Act (8 U.S.C. 1153(a)(2)(A)). The child of a petitioned-for spouse or
child beneficiary is also eligible for such status if he or she is
accompanying or following to join such an alien.
The alien is eligible for V status if the Form I-130 immigrant visa
petition has been pending for 3 years or more. In addition, the alien
is eligible for V status after the visa petition has been approved and
3 years have passed since the date of filing, in either of the
(1) An immigrant visa number is not yet available to the
(2) If an immigrant visa number is available to the beneficiary,
his or her application for an immigrant visa abroad or application for
adjustment of status under section 245 of the Act (8 U.S.C. 1255) is
An eligible spouse of an LPR will be classified as V-1. An eligible
child of an LPR will be classified as V-2. The child of either, if
eligible to accompany or follow to join the principal alien under
section 203(d) of the Act (8 U.S.C. 1153(d)), will be classified as V-
3.An alien eligible for V nonimmigrant status may apply for a V
nonimmigrant visa at a consular office abroad or, if the alien is
already in the United States, he or she may apply to the Service for
classification as a V nonimmigrant. An alien in V nonimmigrant status
in the United States may obtain employment authorization.
What Are the Terms and Conditions of V Nonimmigrant Status?
Aliens in V-1, V-2, or V-3 nonimmigrant status are authorized to
remain in the United States until their authorized period of admission
expires, or until one of the following is denied: (1) the Form I-130,
Petition for Alien Relative, filed by the LPR on behalf of his or her
spouse or child; (2) the alien's application for an immigrant visa; or
(3) the alien's application for adjustment of status. If the V-1 or V-2
alien's status is terminated for any of these reasons,
the V-3 status of any derivative child will simultaneously be
Aliens in the United States in V nonimmigrant status must abide by
the terms and conditions of that status as set forth in section 214 of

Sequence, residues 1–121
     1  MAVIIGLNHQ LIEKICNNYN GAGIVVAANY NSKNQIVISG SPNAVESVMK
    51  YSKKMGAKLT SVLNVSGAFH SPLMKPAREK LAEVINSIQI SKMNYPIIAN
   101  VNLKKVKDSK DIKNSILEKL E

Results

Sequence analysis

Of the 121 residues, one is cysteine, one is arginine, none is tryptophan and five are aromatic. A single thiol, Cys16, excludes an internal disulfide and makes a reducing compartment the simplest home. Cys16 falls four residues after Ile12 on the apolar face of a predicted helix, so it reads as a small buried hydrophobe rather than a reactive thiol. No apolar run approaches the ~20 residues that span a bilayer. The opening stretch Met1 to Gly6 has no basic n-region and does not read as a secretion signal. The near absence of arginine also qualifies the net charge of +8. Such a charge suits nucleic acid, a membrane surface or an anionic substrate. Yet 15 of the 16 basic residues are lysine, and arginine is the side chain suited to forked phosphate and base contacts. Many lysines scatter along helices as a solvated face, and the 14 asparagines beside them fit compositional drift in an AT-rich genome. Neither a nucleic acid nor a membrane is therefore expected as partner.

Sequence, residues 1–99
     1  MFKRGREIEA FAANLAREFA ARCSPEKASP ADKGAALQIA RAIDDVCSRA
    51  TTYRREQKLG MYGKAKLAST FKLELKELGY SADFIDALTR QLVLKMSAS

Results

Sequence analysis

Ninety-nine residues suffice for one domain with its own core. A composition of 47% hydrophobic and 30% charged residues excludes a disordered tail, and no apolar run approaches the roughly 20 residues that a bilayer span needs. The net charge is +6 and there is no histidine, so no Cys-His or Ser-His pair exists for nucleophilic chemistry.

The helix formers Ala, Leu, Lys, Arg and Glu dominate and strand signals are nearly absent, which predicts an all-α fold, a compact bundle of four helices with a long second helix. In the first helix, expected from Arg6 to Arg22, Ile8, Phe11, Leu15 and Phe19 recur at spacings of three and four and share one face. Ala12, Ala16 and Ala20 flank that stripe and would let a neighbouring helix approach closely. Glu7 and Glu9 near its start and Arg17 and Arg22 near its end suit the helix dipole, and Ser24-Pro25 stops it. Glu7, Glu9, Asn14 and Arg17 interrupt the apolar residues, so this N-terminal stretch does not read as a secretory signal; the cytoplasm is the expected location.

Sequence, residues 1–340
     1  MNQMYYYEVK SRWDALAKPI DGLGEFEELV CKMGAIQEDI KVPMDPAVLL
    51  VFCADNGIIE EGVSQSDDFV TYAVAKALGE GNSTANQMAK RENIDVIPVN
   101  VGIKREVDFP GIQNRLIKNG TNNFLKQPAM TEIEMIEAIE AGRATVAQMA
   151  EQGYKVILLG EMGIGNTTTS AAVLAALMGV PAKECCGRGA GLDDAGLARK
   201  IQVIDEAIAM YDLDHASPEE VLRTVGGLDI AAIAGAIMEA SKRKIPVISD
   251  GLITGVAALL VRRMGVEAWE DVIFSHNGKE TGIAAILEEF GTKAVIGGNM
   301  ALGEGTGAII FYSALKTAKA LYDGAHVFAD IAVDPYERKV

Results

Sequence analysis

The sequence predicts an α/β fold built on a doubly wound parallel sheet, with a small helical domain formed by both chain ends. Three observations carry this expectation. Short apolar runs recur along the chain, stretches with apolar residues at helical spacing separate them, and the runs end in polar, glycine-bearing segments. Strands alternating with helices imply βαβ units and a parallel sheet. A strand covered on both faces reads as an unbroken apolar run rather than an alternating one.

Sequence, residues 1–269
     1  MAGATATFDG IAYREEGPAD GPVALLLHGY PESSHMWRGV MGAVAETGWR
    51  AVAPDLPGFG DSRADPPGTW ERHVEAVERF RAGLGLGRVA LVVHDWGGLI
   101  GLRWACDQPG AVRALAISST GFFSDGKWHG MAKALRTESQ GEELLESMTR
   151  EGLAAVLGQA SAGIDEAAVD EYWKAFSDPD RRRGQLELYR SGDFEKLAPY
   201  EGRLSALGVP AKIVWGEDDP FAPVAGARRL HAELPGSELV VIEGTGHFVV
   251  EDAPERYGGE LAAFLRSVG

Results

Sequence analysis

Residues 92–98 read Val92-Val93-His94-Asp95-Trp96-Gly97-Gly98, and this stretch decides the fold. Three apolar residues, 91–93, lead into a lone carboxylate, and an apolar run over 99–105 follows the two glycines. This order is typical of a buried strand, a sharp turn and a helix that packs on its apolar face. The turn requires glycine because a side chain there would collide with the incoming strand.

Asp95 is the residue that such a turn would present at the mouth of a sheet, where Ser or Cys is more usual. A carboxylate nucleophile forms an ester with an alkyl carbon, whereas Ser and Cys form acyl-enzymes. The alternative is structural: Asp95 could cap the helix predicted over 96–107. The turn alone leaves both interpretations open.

the Act (8 U.S.C. 1184). Since V nonimmigrants are admitted to the
United States to await the availability of an immigrant visa number in
the F2A preference category (spouses and minor children of lawful
permanent residents), in accordance with the State Department's monthly
Visa Bulletin, they must continue to be eligible for that preference
An alien who is no longer eligible for the F2A preference category
described in section 203(a)(2)(A) of the Act (8 U.S.C. 1153(a)(2)(A))
is no longer eligible for V nonimmigrant status. For example, an alien
would no longer be eligible if the qualifying marriage that forms the
basis for the Form I-130 is terminated or the child petitioned for on
the Form I-130 reaches the age of 21. If the Form I-130 is withdrawn by
the petitioner, or if it is revoked under section 205 of the Act (8
U.S.C. 1155), then the alien is no longer considered to be in valid V
classification beginning 30 days after the withdrawal or event that
causes the revocation (8 U.S.C. 1184(p)(3)). (However, the Service
notes that a spouse or child of an abusive lawful permanent resident
may be eligible in certain circumstances to file a self-petition for
classification as a preference immigrant, as provided in 8 CFR 204.4,
even if the LPR has withdrawn the Form I-130 that was filed on his or
How Can an Eligible Alien Who Is Outside the United States Obtain a
V Nonimmigrant Visa?
Eligible aliens who live abroad may obtain a V nonimmigrant visa
from the Department of State by applying at a United States consular
office. Eligible applicants must demonstrate that they meet the
requirements of section 101(a)(15)(V) of the Act (8 U.S.C.
The Department of State published an interim regulation on April
16, 2001, at 66 FR 19390 (22 CFR 41.86), that sets forth procedures for
applying for a V nonimmigrant visa at a consular office abroad.
Waiver of Ground of Inadmissibility
Section 1102(b) of LIFE adds section 214(o) to the Act, (8 U.S.C.
1184(o)) which, among other things, provides that aliens applying for